Shakespeare’s A Midsummer Night’s Dream and the incidental music by Mendelssohn it inspires both employ a wide range of expressive techniques in their respective medium. Bringing the drama and the music together in one performance, the Queensland Symphony Orchestra and 4MBS Arts Productions delivered an evening of finely tuned light entertainment.

Johannes Fritzsch, © QSO Portraits
Johannes Fritzsch,
© QSO Portraits

As Mendelssohn’s music took place among the orchestra centre stage, dramatic excerpts from Shakespeare’s play were enacted around the fringes, in parts on raised platforms. Although this format ruled out the use of elaborate set designs, it nevertheless provided context and illustrative support to the music.

Mendelssohn’s incidental music consists of several individually well-known pieces. In addition to the Overture, written separately from the rest of the work when the composer was not yet 18, the Scherzo, Nocturne and Wedding March are favourites in their own right.

The Overture is a combination of delicate softness and resolute declarations. It paints a vivid musical picture of the disparate elements in the drama, ranging from the spritely steps of the fairies in a flurry of notes in rapid string passages, to the stately pomp of aristocracy in march-like passages played by the full orchestra. Queensland Symphony captured all the critical elements that would make the overture successful.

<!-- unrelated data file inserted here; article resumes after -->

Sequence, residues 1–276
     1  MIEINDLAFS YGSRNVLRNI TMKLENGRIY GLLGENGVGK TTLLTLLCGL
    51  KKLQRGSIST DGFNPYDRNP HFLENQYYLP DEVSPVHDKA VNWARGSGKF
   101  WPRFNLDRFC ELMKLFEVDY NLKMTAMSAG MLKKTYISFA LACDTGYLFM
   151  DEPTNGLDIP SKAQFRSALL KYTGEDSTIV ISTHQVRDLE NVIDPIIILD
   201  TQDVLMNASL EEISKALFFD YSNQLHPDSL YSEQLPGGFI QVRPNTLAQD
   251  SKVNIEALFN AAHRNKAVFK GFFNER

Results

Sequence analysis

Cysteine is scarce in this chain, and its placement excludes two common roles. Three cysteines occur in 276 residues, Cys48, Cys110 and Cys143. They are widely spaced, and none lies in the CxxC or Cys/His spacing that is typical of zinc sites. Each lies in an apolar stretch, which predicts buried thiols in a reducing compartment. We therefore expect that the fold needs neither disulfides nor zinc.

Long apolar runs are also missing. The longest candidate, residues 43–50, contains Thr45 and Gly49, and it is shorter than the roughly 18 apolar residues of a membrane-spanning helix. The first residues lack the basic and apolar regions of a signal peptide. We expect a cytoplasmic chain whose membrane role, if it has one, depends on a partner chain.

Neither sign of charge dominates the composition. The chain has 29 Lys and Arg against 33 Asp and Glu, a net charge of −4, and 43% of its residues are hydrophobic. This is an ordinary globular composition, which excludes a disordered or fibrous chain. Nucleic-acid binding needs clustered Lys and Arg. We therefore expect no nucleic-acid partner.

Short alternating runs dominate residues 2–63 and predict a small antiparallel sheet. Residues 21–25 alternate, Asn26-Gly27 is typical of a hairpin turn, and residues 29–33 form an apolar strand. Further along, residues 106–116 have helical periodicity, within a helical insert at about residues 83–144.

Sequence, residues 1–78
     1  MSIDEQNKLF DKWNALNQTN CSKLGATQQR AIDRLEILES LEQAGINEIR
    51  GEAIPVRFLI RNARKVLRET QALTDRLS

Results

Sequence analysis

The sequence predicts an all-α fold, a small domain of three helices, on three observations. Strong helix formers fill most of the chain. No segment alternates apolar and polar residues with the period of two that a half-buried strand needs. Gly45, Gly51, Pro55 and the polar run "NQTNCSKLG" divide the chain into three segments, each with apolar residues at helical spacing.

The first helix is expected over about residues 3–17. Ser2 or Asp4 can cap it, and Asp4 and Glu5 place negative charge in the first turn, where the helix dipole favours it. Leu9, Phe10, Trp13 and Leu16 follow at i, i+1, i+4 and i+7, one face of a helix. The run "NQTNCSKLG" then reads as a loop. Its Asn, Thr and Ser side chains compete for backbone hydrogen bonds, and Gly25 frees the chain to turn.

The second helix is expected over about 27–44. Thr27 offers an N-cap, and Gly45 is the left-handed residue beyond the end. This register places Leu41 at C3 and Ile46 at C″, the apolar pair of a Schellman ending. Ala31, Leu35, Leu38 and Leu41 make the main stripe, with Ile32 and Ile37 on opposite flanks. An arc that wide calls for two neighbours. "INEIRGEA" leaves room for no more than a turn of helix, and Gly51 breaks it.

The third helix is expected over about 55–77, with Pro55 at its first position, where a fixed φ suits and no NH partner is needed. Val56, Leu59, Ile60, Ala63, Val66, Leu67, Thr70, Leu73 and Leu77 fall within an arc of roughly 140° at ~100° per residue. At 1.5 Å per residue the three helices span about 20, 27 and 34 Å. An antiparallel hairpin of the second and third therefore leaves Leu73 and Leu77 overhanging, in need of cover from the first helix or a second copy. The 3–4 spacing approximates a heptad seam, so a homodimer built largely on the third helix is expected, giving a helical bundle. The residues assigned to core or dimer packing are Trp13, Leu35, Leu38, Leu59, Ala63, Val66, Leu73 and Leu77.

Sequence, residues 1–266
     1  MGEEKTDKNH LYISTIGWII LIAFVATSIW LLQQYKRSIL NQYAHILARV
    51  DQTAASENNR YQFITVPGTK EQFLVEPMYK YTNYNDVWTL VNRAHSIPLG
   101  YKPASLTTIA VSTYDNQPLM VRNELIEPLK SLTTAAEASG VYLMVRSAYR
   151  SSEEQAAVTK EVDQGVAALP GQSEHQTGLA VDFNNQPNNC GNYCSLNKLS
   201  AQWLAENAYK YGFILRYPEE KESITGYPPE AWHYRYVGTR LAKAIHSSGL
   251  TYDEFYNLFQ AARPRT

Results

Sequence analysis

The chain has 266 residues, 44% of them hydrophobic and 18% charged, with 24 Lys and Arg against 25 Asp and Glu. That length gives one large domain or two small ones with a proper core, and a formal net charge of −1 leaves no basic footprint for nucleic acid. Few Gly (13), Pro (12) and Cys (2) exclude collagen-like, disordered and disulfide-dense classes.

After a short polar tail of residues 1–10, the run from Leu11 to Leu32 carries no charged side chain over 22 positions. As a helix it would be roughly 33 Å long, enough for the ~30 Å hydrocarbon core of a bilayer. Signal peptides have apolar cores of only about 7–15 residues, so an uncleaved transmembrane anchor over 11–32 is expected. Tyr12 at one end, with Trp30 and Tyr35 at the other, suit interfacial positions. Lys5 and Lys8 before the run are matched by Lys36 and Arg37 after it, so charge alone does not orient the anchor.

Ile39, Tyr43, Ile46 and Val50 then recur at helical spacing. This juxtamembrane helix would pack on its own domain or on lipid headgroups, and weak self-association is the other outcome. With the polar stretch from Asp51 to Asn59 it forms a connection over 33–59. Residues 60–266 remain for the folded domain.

The Scherzo, with its sustained vivacity, is musical impersonation of the fairy world. Although the strings made valiant attempts to assert themselves, the woodwinds worked hard to win the day, always in front and impishly teasing the strings along.

Soprano Natalie Peluso excelled with controlled gentleness in the song “You Spotted Snakes”, although mezzo-soprano Hayley Sugars was not particularly memorable. The University of Queensland Choir tackled the chorus with childlike buoyancy, sounding very much like a children’s choir.

The Nocturne was certainly lyrical, but I would have liked it a little more dreamy and carefree, while the Wedding March was the pinnacle of colour and majesty.

Conductor Johannes Fritzsch maintained a light and unforced touch throughout Mendelssohn’s music, providing a playful undertone to Shakespeare’s drama. There were brief moments when the bass section of the orchestra seemed to be slightly too dominant, but pacing was relaxed and unhurried, appropriate in creating an ethereal atmosphere, and dynamic contrast was well managed.

A small number of actors, most of whom played more than one character, kept the dramatic momentum apace, moving swiftly between the imaginary world of the fairies and the elevated rarity of aristocracy in the limited space around the stage. The “mechanicals” or craftsmen, whose literal approach to the play for the Duke’s wedding, aroused plenty of laughter. Nick Backstrom’s portrayal of the earthly ignorance and simplicity of Bottom was quite endearing, standing out as a highlight among the dramatic parts of the evening.

It is easy to understand how Shakespeare’s fantastic tale of amorous misadventure and supernatural intervention stimulated the fertile imagination of Mendelssohn. The Queensland Symphony and 4MBS Arts Productions skilfully wove his music and Shakespeare’s drama into an enchanting tapestry of lively entertainment.

****1